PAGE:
The relative excess energy averaged ~ 23% with maximum values up to 35% of the expended energy, which corresponds to the emitted power of ~ 20 Watts per gram of palladium or 1 kW per gram of deuterium. The maximum excess power was ~ 600 watts. The total amount of excess energy released is ~ 100 MJ, which is 2500 times higher than the energy of possible chemical reactions in the reactor. This proves that excess energy is due not to chemical, but to nuclear processes. The energy release, which is 25–35% higher than that consumed, was confirmed in a series of experiments with cycles of heating and cooling the reactor.
Evidence of nuclear reactions in the reactor is an increase in neutron and gamma radiation fluxes when the temperature rises to 400ºC and decreases to the background level during cooling (Fig. 5 and 6) .
The measured increase in radioactive radiation does not exceed variations in the natural cosmic background, but the possibility of reproducibly changing their level depending on temperature proves that nuclear reactions occur in the reactor.
The observed intensity of radioactive radiation is many orders of magnitude lower than in thermonuclear reactions in plasma for the equivalent release of total energy, which has been repeatedly noted in all studies of cold nuclear fusion. Nevertheless, it should be said that safety issues, especially when working with plasma plants for cold nuclear fusion, require further serious study.
Even more convincing evidence of nuclear reactions was obtained by examining the contents of the reactor after a series of 65 experiments.
The analysis of the initial palladium and products obtained after the whole series of experiments was carried out by two methods of atomic emission spectral analysis at the Institute of Geology and Mineralogy of the SB RAS. In the first of them, developed by VMK-Optoelectronics, the “wake-up-blowing” method at the Potok installation with electric arc excitation, the samples were mixed with especially pure graphite at a ratio of 1:50 and after grinding in a mortar they were fed into an electric arc. Five parallel samples were measured by comparing the intensities of 2–3 spectral lines with standards of known composition.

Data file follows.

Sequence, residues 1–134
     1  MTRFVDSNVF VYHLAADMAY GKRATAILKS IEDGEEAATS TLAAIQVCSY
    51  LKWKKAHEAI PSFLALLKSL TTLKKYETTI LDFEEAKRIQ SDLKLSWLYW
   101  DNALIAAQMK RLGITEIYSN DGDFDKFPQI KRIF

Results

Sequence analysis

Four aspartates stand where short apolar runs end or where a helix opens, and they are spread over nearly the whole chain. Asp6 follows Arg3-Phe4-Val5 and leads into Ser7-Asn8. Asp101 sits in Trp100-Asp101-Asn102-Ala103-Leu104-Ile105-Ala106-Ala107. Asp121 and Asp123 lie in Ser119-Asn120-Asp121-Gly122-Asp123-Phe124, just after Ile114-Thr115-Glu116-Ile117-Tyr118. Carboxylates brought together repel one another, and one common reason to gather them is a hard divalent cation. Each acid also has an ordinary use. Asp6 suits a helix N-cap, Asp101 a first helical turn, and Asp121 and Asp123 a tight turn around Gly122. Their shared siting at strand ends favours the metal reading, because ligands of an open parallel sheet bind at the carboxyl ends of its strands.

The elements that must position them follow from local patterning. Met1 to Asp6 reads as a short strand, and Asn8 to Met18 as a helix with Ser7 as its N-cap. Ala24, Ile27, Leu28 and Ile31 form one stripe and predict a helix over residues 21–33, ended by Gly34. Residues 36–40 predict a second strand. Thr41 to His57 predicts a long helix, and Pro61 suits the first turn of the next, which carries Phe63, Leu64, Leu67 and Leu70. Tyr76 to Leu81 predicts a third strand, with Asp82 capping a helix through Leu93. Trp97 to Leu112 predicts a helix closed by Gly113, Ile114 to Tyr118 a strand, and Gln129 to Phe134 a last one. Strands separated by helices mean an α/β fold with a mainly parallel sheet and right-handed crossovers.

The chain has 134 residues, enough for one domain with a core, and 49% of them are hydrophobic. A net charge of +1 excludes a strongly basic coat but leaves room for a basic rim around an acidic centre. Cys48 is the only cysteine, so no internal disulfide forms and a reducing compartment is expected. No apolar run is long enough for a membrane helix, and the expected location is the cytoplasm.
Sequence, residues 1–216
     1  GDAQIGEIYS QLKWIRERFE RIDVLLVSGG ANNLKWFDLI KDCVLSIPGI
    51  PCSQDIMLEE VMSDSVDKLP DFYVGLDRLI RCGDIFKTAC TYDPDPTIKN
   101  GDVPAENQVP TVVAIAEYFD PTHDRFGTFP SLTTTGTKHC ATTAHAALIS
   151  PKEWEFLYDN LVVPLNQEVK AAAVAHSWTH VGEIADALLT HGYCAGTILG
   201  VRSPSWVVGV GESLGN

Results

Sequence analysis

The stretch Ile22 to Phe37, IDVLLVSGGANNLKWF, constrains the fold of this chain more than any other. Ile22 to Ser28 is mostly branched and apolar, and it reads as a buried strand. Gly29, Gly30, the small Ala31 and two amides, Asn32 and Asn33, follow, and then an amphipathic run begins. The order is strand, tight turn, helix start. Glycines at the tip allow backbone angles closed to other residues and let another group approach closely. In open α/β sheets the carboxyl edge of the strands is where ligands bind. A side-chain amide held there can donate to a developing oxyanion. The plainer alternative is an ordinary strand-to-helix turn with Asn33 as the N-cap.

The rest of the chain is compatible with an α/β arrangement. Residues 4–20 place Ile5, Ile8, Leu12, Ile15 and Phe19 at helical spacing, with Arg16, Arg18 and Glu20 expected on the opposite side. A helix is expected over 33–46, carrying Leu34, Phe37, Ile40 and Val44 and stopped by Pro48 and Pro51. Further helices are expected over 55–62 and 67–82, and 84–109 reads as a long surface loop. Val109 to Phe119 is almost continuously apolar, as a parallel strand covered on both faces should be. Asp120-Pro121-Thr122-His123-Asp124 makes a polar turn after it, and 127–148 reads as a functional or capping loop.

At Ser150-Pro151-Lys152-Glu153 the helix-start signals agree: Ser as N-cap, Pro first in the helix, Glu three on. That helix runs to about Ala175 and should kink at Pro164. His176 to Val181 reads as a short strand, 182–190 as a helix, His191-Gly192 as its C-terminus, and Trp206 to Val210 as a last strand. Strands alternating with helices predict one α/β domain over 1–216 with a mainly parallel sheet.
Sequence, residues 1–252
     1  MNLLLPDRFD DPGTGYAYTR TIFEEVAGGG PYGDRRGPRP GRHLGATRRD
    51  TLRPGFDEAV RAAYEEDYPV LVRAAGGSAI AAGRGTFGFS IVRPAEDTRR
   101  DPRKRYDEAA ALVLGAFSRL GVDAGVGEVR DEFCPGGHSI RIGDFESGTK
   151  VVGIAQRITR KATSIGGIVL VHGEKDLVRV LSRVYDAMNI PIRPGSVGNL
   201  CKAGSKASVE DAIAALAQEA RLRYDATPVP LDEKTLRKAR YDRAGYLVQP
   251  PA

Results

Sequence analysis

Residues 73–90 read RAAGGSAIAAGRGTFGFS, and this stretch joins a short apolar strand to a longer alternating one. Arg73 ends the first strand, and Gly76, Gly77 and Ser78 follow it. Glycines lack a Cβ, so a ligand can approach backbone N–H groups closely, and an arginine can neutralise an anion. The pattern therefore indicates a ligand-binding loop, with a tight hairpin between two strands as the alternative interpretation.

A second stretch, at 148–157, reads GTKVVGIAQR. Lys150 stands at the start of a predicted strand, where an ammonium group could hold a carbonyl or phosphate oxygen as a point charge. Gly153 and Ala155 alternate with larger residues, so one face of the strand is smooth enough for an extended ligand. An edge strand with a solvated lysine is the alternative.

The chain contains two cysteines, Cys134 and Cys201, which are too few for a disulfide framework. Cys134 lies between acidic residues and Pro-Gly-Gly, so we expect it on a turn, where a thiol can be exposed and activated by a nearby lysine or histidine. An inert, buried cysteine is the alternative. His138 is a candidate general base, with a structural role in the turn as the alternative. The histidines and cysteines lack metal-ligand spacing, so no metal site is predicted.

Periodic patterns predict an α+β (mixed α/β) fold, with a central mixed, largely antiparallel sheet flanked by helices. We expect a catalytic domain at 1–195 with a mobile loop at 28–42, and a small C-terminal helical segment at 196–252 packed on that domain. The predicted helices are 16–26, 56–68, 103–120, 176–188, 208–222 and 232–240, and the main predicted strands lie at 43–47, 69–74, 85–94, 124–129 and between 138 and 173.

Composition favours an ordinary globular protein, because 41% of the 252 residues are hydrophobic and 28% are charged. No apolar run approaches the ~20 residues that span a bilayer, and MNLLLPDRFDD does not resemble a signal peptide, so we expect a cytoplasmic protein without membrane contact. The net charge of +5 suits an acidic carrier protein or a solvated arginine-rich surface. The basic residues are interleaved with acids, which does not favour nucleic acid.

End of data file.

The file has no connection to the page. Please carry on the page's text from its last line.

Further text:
In another method, atomic emission spectral analysis with inductively coupled ISP-AES plasma, IRIS used solutions previously prepared by dissolving the test substances. We also used laser mass spectral analysis of MS-AES at the IONH RAS using an EMAL-2 instrument. The isotopic composition of palladium was also determined at the IGM SB RAS by the mass spectral method with inductively coupled ICP-MS plasma.
A comparison of the results of analyzes performed by the methods used allows us to come to the following conclusions .
1. During the interaction of gaseous deuterium with a number of elements – impurities in the initial palladium: Li, Be, B, C, F, Mg, Si, S, K, Ca, Ti, V, Fe, Co, Ni, Zn – their transmutations were observed that are described by generalized nuclear reactions: